Tuesday, 27 June 2017


Mayow Park has an impressive number of pollarded boundary oaks, planted between 250 and 300 years ago to mark field boundaries, before the existence of the public park we know today.
Boundary oaks indicate a once common farming practice to mark land and field boundaries in the same way as walls and fences.

Pollarding is a pruning method used for centuries to manage trees. The upper branches are removed when the tree is still young and in the case of these ancient boundary oaks they develop new upward-growing branches which over the centuries become as thick as mature trees and look like respectable tree trunks in their own right.
 Daniel Greenwood (from Sydenham Hill Wood, a stone’s throw from our park) has written about boundary and pollard oaks in nearby areas and you can read his fascinating article about some of the trees here:  https://danieljamesgreenwood.com/tag/boundary-oak-trees/
 So Mayow’s ancient oaks reflect past local land management, while providing habitats for a large number of flora and fauna today. Birds, small mammals and invertebrates make their homes in the hollows, fungi and mosses find somewhere to grow. The trees contribute to the character of the park and park users have often said that the Mayow trees are valued in making the park landscape so special.
When a lovely tree that has stood for centuries loses a major limb many of us express sadness, as happened to a pollarded oak in Mayow Park on 19th May 2017. A local resident posted a photo to Friends of  Mayow Park Facebook group, thus alerting park users and the park maintenance team.

Tree alert. Photo by K Andreakou
The tree that lost a limb had the widest girth of any of the ancient trees in the park as measured on a tree walk in 2016.  Word quickly spread. Soon adults and children were seen clambering over the fallen limb and around its broad branches,  enjoying the opportunity to get close and personal.   A tree that probably few had noticed became a celebrity overnight. It was lovely to see how people engaged with the tree. But current concerns about health and safety, with the risk of someone falling and injuring themselves, was too great. Something had to be done.                                                                                                            
Clambering around a fallen tree
Heavy branches of the fallen limb hidden by dense foliage           
Within a week a team of arboriculturalists from Sevenoaks arrived to make the broken limb ‘safe’.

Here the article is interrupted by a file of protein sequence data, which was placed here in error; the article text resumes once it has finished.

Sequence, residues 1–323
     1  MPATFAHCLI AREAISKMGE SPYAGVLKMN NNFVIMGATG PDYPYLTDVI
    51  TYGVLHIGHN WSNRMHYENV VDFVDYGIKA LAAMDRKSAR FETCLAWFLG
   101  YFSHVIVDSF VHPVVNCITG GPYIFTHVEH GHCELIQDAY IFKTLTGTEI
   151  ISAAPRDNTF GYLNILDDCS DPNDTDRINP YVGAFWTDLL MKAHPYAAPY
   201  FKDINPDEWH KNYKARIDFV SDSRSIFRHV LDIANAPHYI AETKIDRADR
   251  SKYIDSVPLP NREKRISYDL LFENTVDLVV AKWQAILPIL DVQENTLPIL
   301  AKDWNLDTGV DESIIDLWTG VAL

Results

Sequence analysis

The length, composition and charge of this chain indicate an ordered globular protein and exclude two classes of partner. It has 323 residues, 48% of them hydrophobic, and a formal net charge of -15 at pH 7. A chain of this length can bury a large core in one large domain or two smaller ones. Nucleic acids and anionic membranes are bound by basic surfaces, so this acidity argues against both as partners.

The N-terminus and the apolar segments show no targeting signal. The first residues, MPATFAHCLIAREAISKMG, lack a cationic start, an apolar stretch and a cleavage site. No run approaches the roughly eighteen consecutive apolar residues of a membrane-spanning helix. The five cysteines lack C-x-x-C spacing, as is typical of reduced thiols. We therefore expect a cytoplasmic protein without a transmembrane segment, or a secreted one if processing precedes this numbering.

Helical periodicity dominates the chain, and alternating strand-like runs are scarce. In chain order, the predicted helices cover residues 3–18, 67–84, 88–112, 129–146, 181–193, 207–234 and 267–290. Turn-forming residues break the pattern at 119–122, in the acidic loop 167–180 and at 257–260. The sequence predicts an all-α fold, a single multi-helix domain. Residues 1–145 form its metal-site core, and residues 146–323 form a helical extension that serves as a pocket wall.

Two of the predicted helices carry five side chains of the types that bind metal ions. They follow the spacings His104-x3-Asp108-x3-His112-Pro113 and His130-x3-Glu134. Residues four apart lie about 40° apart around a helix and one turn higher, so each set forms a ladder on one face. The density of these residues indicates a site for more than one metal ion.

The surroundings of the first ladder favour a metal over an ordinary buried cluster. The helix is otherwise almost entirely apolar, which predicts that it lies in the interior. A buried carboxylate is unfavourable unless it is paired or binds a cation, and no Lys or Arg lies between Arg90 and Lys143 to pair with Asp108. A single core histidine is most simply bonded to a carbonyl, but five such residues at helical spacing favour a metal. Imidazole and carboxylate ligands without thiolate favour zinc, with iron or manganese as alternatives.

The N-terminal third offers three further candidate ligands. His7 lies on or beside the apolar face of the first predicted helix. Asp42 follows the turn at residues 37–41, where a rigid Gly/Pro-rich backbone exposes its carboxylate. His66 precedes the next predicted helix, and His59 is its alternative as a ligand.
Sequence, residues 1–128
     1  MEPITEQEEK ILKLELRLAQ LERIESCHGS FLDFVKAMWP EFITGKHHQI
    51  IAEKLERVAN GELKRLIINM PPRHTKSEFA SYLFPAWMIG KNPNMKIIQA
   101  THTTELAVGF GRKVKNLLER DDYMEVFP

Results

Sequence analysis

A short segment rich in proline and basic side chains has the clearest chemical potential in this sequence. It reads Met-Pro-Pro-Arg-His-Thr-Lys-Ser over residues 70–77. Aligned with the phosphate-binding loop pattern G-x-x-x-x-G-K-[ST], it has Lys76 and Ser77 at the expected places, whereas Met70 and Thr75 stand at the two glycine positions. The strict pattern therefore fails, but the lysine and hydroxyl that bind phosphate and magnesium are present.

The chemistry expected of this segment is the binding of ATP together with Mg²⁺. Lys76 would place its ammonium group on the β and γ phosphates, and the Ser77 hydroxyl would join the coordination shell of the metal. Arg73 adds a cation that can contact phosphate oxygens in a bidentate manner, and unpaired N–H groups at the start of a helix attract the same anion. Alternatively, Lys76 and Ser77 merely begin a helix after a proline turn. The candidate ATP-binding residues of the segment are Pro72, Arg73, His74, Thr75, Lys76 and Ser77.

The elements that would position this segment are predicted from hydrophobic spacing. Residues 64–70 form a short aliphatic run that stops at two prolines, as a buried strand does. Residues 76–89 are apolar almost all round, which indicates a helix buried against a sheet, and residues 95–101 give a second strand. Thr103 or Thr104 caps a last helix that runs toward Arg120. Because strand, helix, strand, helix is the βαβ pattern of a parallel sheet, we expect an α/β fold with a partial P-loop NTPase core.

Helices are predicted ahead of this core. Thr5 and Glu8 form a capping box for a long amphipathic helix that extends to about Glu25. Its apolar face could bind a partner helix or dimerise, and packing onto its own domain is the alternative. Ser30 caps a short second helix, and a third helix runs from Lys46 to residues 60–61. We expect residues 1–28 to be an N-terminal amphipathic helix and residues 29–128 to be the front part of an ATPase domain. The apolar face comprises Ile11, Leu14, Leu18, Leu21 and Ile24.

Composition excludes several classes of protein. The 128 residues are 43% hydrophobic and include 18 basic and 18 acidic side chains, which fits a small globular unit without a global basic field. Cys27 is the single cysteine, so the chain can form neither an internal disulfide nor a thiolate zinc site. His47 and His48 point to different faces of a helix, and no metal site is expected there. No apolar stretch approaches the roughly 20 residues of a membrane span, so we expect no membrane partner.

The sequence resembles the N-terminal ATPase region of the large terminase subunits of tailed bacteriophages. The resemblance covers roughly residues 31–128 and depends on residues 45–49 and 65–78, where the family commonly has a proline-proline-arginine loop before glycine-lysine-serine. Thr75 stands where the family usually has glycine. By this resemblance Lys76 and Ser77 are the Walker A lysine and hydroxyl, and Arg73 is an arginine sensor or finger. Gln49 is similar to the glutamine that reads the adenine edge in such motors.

photo K Andreakou
Photo K Andreakou
Photo K Andreakou
These guys are clearly skilled at their job.  They explained their intention to leave most of the thicker branches on the ground to create wildlife habitats. Some of the thinner branches were taken to use as path edge markers along the woodchip path adjacent to the dawn redwood tree. Other branches were relocated by volunteers from Friends of  Mayow Park into a locked woodland nature area for wildlife, out of reach of human interference. And the thinner branches were shredded.

Broken limb still attached to parent tree by a small fragment of wood and bark

Concerns were raised by park users: maybe this tree is diseased because the heartwood of the broken limb was powdery brown sawdust? 

Powdery hollow heartwood

Without scientific knowledge about ancient oaks, I am inclined to the view that the collapsed limb may be due to old age, to the natural hollowing out of the inner trunk and to being a pollard with heavy limbs that lean out from the tree. I hope someone with greater knowledge can come forward to suggest some reasons for this fail. Meanwhile, the exposed inner core can provide a home to solitary bees, beetles and other invertebrates while the tree continues to live.
Looking around at other ancient oaks in Mayow Park, regular park users will recall that in July last year a mature oak split in two and needed urgent surgery. It now stands as a monolith tree where the whole crown was removed. Tree surgeons pruned it to remain standing as a monolith tree, allowing natural decay processes to continue for wildlife. Remarkably, it survives and has started producing new growth with side branches.
Not far from the monolith tree is the ‘lightning tree’. Hit by lightning a few decades ago, it lost most of its crown, thus exposing its hollow interior. It continues to survive, with growth only on one side of the trunk. 

These individual ancient trees contribute to the value of the park. Regular visitors recognise them, plants and animals colonise them and they recall land management history as pollarded and boundary oaks. 

(Photos by K Andreakou and A Sheridan)

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